ALL DANGER OF FROST
ALL DANGER OF FROST
She stood in the garden he’d planted, and held them in the air so he could see. She had two braced in her spread fingers, proud as if she’d put the shoots in the ground herself. He waited for her to call them something else. Jewels or rubies or orbs. Something silly and dramatic.
She’d helped herself to them, the same way she’d helped herself to his son. A bent hip, hair spilling forward, a twist of the hand. She twisted them off the vine the very day they were ripe. She had a knack for timing. He watched her put them under her nose and inhale. She’d walk them up to the kitchen and make them unrecognizable under her expensive knives and large grained salts, hand carried on a plane. When she got done with them they’d require special cutlery and candlelight.
He sat where she’d wheeled him, and watched her pick her way through the vines below. The light made him squint, but it was good after all the weeks in that place, working to relocate his words and the use of his left side. The soft old sweatshirt she’d thrown across his shoulders smelled of the garden. Had he worn it the day he put the plants in? It wore on it the moment when all danger of frost was past, the aroma of pitchfork, gloves and watering can hauled from the shed. Who had watered? Was that the last thing he’d done? He couldn’t find the memory of tending them, but here they were, coming up the stairs to the deck.
Her hands were a bowl for them now. She showed him up close and let him smell. She set one on the railing, and raised the other on a pedestal made with the points of her fingers. She held his chin and put the tomato to his lips.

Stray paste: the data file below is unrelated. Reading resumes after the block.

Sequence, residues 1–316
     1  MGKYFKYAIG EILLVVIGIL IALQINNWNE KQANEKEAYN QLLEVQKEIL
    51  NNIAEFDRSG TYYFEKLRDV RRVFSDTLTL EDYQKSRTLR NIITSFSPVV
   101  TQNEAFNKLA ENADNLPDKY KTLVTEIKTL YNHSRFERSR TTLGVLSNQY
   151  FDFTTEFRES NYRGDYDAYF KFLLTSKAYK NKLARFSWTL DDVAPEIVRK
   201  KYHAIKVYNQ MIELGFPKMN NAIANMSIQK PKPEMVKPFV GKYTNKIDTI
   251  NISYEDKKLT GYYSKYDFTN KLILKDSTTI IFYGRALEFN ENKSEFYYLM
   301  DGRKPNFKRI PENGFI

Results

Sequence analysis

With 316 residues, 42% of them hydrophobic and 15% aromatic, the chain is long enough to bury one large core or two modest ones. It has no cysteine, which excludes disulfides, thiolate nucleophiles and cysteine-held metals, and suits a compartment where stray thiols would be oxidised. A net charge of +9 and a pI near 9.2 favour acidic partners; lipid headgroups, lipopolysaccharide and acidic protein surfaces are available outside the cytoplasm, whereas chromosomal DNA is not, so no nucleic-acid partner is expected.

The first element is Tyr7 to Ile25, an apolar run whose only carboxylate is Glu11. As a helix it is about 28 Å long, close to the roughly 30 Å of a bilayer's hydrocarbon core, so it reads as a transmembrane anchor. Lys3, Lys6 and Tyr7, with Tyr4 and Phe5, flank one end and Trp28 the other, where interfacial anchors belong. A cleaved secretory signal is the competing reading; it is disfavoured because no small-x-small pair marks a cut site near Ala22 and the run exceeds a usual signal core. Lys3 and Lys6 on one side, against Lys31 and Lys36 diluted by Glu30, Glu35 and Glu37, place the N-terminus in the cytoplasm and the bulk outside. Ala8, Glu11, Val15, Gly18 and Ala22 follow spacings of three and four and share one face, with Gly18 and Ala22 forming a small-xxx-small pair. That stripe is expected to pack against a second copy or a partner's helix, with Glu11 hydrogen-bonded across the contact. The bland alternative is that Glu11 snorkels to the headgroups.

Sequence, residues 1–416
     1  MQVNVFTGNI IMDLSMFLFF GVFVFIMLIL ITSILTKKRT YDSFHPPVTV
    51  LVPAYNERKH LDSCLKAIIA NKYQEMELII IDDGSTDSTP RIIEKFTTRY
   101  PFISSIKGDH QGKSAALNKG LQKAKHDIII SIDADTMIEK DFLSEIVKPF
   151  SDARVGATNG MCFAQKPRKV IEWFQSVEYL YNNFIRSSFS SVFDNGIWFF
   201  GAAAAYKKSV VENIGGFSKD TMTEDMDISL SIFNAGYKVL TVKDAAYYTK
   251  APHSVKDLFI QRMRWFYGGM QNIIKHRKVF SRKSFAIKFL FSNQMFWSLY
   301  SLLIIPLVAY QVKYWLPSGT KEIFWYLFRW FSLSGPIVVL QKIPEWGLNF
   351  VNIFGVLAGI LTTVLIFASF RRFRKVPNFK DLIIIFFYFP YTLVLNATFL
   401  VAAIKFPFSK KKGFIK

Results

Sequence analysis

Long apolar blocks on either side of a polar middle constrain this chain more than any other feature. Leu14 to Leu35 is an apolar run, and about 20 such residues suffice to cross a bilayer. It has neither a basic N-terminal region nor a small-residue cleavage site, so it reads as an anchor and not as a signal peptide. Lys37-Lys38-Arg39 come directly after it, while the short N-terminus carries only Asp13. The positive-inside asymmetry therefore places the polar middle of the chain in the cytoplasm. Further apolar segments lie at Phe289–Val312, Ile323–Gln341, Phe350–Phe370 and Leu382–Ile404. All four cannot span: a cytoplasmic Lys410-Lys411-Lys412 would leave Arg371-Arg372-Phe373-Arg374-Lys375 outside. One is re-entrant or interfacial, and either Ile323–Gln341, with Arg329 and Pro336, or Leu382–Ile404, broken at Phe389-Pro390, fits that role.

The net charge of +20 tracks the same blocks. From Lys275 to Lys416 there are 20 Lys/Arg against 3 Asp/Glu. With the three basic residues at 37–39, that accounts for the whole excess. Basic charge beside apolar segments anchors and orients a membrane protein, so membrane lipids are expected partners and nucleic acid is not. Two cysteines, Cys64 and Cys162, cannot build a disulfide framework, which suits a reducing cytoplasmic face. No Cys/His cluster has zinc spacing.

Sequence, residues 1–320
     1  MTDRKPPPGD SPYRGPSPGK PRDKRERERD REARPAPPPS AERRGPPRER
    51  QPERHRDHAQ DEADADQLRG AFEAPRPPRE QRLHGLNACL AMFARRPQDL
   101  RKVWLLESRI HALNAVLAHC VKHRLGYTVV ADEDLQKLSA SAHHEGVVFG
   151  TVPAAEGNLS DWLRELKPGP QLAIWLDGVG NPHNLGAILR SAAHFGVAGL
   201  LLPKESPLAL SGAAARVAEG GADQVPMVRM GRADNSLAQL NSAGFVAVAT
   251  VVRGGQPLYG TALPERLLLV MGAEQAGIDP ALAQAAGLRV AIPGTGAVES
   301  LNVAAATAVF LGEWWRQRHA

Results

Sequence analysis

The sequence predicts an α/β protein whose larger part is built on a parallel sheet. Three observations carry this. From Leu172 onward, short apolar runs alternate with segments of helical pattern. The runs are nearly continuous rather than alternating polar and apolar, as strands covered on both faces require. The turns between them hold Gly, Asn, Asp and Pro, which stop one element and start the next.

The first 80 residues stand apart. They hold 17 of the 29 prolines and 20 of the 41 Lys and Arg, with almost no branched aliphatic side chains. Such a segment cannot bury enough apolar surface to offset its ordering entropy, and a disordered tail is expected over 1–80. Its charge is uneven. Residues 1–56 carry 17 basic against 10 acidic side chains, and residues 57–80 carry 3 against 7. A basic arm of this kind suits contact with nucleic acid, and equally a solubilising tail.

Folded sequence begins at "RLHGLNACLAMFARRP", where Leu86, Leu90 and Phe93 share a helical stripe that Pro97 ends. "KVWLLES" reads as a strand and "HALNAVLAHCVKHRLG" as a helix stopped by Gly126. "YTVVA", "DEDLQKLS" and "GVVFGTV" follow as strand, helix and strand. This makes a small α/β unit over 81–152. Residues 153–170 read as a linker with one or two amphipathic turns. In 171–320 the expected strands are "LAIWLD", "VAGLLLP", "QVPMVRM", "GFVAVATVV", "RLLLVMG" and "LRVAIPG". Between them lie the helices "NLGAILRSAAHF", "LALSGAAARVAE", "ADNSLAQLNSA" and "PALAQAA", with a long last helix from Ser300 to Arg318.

“You get the first one,” she said. “Go ahead.”
He bit, and tasted juice and seeds and flesh. It ran down his chin. She turned it for him so he could get another bite, and another, until it was gone, stem end and all. She wiped the juice off his chin with the cuff of the old sweatshirt.
“I never knew what it took,” she said, palming the other and raising it to a surrendering sun. He watched her press her curled fist into the small of her back. “How’d you used to do all that weeding?”
She rolled her tomato between her palms. Her fingertips were stained green. She took a bite with her eyes closed.
“God, good,” she said, laughing and chewing. “Doesn’t need a thing.”
The juice dribbled, and ran over her hand. She licked the back of her wrist. It made him sweat to find the right word, and offer her the cuff of the sweatshirt with the hand that worked.
"Much of my inspiration lately comes from watching our parents confront the realities of aging. Though they are brave and strong in ways old age can’t touch, they are slowly being forced to relinquish control to others. It seems important to understand and honor their small moments of loss."
Reach this writer at: firstname.lastname@example.org.